As the dashboard project unfolded, Andreu kept the college president apprised of its progress, including a preview demonstration in spring 2010. Then, in October, he showed her some of the dashboards produced from the training. "We wanted to see if we were going about it the right way and to [find out] how far back in history we should go," he said.

A sample higher education dashboard in iDashboards showing various "admissions measures." An interactive demo can be accessed directly here.

Based on her feedback, the project team agreed to complete the implementation by Dec. 3, allowing the president to use the dashboard system in a presentation to the college's board of trustees at its fall meeting. In the lead-up to that presentation, the IR and technology teams developed about 30 dashboards with 120 to 150 charts. The main dashboard shows just four speedometers, displaying the key metrics identified at the very beginning of the project.

Now, IR and Educational Technology Services plan to introduce the dashboard system to other areas of campus. "The first goal was to show it to the president and staff," said Andreu. "They found it to be very useful. So now we'll roll it out to the next layers--the vice presidents, directors, and some deans."

The technology team has begun working with some of the directors to tailor the dashboards to their departments' particular functions. For example, "The admissions office wants to see updates weekly or daily on enrollments," explained Andreu. "They'll be able to drill down to tell which high schools students are enrolling that week without having to look through PDF reports."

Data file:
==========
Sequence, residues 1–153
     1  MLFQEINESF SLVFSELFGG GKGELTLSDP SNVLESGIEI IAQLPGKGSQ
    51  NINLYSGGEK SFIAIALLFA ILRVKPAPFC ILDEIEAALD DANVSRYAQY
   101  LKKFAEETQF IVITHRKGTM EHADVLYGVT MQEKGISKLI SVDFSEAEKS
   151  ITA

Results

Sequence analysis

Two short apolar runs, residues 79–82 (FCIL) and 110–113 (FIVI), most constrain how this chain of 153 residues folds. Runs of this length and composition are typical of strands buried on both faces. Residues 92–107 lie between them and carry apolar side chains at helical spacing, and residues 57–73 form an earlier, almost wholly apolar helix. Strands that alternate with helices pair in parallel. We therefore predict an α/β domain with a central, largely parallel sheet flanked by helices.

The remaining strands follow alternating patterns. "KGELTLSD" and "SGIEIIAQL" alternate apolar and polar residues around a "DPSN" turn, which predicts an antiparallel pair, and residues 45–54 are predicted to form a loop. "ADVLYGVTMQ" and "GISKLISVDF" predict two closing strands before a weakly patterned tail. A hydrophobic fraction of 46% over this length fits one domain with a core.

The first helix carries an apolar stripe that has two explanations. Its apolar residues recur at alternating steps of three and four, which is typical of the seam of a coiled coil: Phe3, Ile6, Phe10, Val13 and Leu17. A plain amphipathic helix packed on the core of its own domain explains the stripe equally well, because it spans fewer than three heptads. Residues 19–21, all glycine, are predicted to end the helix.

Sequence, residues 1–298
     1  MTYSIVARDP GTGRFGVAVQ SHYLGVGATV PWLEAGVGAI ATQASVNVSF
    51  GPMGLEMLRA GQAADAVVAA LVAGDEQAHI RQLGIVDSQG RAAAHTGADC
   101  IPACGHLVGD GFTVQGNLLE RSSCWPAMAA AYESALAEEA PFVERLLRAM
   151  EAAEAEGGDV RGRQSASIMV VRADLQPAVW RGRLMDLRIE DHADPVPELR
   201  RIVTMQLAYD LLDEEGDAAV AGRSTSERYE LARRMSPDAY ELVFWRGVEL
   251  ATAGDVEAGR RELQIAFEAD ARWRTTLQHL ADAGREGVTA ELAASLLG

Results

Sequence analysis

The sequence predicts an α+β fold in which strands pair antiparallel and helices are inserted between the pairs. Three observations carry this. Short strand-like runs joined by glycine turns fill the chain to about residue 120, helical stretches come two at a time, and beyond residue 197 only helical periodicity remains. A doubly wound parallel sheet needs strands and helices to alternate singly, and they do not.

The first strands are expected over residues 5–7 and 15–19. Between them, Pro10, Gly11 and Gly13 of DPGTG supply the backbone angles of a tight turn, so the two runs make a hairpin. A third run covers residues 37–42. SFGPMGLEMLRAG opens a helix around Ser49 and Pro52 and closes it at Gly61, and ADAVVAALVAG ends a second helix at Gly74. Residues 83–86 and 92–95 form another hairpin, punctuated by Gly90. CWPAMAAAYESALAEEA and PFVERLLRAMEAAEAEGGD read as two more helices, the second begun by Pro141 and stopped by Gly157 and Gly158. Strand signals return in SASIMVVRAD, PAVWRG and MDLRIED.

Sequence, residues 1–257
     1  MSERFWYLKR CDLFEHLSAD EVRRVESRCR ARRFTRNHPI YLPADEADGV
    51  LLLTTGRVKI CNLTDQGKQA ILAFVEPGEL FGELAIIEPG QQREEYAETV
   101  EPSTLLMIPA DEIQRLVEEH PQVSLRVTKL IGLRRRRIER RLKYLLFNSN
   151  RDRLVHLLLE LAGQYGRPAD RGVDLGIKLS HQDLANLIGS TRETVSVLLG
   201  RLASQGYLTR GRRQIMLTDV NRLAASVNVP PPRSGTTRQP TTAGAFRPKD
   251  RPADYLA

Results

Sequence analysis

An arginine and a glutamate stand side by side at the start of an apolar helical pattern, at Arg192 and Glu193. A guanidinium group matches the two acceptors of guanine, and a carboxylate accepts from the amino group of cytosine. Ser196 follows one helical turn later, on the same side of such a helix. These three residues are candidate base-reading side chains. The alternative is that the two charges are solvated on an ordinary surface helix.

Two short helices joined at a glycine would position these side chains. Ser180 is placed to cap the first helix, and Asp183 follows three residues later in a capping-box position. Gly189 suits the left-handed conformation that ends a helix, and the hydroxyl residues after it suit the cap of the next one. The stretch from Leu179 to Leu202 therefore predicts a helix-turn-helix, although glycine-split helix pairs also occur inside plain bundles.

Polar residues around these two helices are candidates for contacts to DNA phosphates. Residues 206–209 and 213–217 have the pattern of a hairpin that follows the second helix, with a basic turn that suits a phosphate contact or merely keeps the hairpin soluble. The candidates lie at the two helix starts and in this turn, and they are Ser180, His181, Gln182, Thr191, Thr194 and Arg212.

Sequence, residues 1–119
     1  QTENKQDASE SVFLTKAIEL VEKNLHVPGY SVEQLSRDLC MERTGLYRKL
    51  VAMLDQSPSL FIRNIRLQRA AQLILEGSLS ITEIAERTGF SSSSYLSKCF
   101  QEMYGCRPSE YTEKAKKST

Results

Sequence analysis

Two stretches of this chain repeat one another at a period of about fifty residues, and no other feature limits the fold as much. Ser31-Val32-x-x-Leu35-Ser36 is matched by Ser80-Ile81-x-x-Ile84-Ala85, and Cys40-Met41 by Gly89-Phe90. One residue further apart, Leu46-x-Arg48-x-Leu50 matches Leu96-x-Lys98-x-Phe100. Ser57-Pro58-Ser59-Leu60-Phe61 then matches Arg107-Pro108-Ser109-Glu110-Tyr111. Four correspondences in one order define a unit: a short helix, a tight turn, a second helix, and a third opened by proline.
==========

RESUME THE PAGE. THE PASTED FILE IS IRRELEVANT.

In setting up the dashboard system, Andreu acknowledged, he was also forced to put his own house in order. "To make this dashboard work, we had to reorganize a lot of the data we had and put it in Oracle tables. That resulted in some bonuses on other projects. Today, because those tables exist, I'll take advantage of them."

As for the board, they were "very pleased," recalled Andreu--and wondering how they could get access to the dashboard software, too.

Also Worth Reading:

Revving up Performance
Dashboards are growing in popularity as college administrators prepare for a new regimen of accountability.

Dashboards Deliver Data Visually at ASU
Arizona State University uses software from Corda Technologies with its Oracle data warehouse to generate dashboards for faculty and staff.

Wayne State University (MI)
A custom-built dashboard at WSU provides faculty and grant administrators with a seamless tool for managing grants and accessing real-time data.